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More SEPTA trains and buses, elitist cyclists and “fat people”: The mayoral field talks transit

Thursday night, the mayoral candidates talked about the future of getting around Philadelphia, emphasizing the importance of non-car transportation. In front of a crowd of about 100 people for the Better Mobility Working Group’s Better Mobility Forum, they addressed issues like bike lanes, SEPTA, walkability and relationships between drivers and cyclists, the latter topic leading to an unforgettable Milton Street answer about “fat people.”

All of the Democratic candidates showed up except for Tony Williams, who was represented by his staffer Omar Woodard. They were joined by Republican candidate Melissa Murray Bailey. Here are eight highlights from the forum.

1. The real cyclists are Milton Street, Doug Oliver and Nelson Diaz, and nobody claims to be a major driver

All the candidates made opening statements where they briefly addressed some mobility issues around the city and talked about their own experiences with transportation. Diaz, Street and Oliver were the only candidates who talked about their own biking. Diaz likes to bike on the trails around his home in Chestnut Hill, Oliver has a Trek and Street bikes around Fairmount Park (where he says he’s worried for his safety because of crime).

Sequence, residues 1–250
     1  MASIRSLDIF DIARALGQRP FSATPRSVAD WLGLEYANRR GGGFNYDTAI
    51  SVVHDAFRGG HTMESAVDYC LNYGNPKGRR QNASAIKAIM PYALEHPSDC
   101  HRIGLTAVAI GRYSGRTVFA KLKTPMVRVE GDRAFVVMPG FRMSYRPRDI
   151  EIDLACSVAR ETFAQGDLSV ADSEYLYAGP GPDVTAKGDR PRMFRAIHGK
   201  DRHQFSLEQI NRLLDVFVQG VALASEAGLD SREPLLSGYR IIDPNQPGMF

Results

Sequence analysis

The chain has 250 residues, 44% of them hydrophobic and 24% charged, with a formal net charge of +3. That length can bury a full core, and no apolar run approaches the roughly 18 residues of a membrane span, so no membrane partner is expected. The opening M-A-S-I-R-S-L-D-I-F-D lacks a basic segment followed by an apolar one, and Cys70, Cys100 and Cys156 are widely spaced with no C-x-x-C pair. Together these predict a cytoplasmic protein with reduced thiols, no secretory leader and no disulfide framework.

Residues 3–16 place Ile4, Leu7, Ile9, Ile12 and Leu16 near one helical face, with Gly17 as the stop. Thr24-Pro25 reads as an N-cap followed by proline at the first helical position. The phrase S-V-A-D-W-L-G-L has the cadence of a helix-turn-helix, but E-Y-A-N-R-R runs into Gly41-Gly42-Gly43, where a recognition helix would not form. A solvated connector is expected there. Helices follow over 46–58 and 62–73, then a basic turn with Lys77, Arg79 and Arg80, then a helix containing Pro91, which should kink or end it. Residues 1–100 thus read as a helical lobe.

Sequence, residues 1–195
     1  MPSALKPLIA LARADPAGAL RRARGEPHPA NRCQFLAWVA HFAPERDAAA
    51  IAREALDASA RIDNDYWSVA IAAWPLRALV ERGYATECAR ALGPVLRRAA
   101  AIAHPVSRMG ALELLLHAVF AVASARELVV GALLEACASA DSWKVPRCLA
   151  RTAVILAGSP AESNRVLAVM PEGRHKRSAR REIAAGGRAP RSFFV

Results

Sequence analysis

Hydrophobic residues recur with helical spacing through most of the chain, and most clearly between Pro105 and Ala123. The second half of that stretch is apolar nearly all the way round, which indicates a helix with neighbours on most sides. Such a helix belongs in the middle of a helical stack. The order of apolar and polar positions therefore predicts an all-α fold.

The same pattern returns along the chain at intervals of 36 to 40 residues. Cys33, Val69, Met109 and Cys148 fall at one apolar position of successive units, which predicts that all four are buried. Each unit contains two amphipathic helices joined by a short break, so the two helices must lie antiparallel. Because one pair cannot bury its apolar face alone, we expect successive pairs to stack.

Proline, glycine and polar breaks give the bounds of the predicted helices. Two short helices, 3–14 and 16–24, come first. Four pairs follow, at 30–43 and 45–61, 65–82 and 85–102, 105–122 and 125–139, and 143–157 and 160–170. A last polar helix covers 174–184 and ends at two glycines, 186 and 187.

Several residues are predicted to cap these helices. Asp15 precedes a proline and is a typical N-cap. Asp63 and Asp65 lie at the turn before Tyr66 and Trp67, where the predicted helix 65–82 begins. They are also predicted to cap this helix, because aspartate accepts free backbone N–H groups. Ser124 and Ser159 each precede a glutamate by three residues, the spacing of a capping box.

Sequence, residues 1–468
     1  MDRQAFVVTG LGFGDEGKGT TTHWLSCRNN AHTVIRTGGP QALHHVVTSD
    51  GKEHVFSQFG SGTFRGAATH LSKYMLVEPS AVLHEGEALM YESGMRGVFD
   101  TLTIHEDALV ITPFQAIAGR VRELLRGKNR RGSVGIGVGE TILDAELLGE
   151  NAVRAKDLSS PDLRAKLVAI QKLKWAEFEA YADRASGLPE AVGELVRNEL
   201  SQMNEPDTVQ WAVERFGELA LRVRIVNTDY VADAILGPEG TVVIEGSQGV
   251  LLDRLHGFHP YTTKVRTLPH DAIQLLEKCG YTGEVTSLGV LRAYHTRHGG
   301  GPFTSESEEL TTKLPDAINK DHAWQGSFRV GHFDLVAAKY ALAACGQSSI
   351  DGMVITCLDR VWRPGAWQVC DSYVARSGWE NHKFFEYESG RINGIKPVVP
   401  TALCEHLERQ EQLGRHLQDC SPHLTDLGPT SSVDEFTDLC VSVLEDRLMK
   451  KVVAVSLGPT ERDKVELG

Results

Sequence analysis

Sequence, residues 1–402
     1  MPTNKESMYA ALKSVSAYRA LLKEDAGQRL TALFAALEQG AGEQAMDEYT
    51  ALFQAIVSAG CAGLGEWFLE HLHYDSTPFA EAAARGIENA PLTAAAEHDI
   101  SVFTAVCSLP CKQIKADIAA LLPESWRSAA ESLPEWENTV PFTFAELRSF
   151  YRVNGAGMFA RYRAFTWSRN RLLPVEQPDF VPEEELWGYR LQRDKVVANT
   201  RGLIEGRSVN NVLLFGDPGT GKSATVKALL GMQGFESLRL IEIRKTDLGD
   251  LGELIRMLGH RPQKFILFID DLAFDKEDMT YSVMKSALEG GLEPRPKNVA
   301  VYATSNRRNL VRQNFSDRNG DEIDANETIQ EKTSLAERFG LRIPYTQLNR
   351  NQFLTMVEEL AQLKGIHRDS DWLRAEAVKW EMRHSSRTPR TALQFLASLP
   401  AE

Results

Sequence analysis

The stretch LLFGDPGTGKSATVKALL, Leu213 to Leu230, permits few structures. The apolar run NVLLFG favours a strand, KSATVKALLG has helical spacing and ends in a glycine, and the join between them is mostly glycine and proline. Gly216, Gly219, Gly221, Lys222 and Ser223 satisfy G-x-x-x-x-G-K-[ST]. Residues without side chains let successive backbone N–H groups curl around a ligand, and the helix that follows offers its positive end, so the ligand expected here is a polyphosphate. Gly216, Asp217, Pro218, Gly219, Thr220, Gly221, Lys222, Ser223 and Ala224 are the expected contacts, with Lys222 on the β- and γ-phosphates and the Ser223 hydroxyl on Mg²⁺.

Later, the candidates were asked how they usually got around town. Here are the responses:

Abraham: Walking and the bus for around Center City and driving for different campaign events

Diaz: SEPTA. He also showed transit cards from Amtrak and the Metro in D.C. and the subway in New York City. He’s trains all the way.

Kenney: Walking and some SEPTA

Murray Bailey: SEPTA

Oliver: SEPTA

Street: Cycling

Woodard: Walking or SEPTA. Didn’t say what Williams usually did.

2. Street talks about the divisiveness of “fat people”

Street hasn’t attended all of the mayoral forums so far, but he made up for it Thursday night, with two comments that were as crowd-pleasing as they were head-scratching. First, Street tackled the question about how to precipitate civility between cyclists and drivers by saying it would be tough. Why? Well, he said, there’s a particular group that tends to get angry at cyclists, and “they always seem to be fat people.”

A few minutes later, the candidates were asked about parking on the City Hall apron. Street said the city should take away the cars of public officials who park there.

3. Oliver calls cycling elitist

Some of the most interesting responses of the night came from Oliver, who seemed to be answering many of the questions directly rather than using the prompts to transition back to his priorities. The second question of the night was about whether cycling is elitist.

“Yes it is elitist,” Oliver said. “This is not a diverse room. As much as we like the concept of one city the fact is we don’t have one city. We have people worrying about getting shot and getting jobs.”